Chatting About ‘Hard Conversations’

By Sheryl Nussbaum-Beach — December 08, 2009 1 min read
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Live From NSDC, St. Louis-- - Determined not to let lack of sleep, cold freezing rain, or flight delays keep me from St Louis or from attending the 41st NSDC Annual Conference, I dashed from the taxi, checked into the hotel and rushed to my room just in time to facilitate a couple of webinar sessions for a PLP cohort I am helping to lead. Anxiously, I finished up and was out the door to meet up with co-live bloggers Nancy Flanagan and Anthony Rebora.

Dodging the cold wind while waiting for the shuttle, I ran into two educators from Allegany County in Maryland. Their passion was hard to miss as they were excitedly buzzing about all they had been learning for the last few days.

“You must be attending the NSDC conference-- learning anything worthwhile?” I asked. Their response was overwhelmingly positive, with one of the ladies touting the sessions she had attended as some of the best PD she had ever experienced. As I dug deeper, I discovered they were most stoked about a preconference session they attended given by Jennifer Abrams entitled, “Having Hard Conversations.”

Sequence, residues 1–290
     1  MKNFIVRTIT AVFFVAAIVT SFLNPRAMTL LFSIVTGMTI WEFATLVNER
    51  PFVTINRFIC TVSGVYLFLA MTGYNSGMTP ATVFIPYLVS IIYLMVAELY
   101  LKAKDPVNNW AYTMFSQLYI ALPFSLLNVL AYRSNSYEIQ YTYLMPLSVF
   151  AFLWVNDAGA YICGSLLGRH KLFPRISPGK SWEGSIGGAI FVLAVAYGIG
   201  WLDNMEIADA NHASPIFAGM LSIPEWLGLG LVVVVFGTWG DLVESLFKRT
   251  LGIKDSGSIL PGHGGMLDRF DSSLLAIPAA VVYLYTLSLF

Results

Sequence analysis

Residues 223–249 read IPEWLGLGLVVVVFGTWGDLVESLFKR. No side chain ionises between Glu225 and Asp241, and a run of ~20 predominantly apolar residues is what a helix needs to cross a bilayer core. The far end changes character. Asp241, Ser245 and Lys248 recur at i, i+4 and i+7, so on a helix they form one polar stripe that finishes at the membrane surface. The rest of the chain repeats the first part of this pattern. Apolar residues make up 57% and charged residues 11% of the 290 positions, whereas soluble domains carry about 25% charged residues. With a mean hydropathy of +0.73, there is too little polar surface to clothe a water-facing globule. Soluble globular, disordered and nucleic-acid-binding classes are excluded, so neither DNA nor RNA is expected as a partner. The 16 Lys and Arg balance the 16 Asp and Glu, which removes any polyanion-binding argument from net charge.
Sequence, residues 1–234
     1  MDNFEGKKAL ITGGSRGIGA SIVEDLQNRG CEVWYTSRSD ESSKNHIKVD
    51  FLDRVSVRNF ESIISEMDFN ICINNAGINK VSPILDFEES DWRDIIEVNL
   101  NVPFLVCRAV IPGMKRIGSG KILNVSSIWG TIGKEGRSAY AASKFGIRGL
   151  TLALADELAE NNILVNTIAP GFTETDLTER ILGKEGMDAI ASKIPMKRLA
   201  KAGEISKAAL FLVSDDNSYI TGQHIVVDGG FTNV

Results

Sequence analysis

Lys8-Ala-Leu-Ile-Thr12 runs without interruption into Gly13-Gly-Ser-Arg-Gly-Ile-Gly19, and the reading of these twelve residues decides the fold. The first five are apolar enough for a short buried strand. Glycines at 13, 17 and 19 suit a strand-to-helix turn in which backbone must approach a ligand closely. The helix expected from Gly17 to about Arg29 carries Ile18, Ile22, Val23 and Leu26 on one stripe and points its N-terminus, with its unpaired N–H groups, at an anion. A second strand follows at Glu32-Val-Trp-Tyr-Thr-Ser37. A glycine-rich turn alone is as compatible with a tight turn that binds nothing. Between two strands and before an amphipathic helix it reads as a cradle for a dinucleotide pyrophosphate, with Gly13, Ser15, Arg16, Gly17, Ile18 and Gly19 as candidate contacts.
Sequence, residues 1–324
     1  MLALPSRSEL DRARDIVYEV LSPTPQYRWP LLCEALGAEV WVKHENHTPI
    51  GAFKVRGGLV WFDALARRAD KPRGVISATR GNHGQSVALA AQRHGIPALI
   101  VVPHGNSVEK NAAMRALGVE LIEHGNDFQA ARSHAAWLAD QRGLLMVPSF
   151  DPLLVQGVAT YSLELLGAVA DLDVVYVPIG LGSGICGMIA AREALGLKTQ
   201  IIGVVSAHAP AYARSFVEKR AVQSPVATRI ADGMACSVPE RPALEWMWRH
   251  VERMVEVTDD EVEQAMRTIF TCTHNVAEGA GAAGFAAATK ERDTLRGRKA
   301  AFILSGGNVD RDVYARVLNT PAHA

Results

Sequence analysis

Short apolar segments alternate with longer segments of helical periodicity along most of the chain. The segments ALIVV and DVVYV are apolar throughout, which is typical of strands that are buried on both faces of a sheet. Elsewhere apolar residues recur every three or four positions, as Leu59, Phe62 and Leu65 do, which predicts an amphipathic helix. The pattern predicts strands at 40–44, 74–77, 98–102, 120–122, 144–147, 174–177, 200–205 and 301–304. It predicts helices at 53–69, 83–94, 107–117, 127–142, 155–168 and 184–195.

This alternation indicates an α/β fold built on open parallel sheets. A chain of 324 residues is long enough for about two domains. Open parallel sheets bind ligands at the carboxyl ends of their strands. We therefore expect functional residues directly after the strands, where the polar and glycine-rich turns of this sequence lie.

One of the activities they had to do during the session was to map out their “hard conversation” and one of my new found friends felt that it was a great way to structure what she wanted to say in advance. “I like the idea of deciding what I want to get out of the conversation in advance and the mapping helped me to do that. So often when the conversation goes south I freeze, not even remembering why we were having this hard discussion it in the first place. The mapping gave me an advance organizer that will keep me on track.”

“Learning how to address tough issues in a professional way without emotion was a skill I needed to master and this session gave me the confidence I needed to not only start the messy conversations in my role as an instructional coach, but also the skill set to see them through.”

Abrams has written a book on the subject and both educators strongly recommended I purchase it. As the bus pulled up to the curb I found myself quite optimistic about the quality of presentations I was going to experience while here. NSDC here I come!

by Sheryl Nussbaum-Beach

A version of this news article first appeared in the Web Watch blog.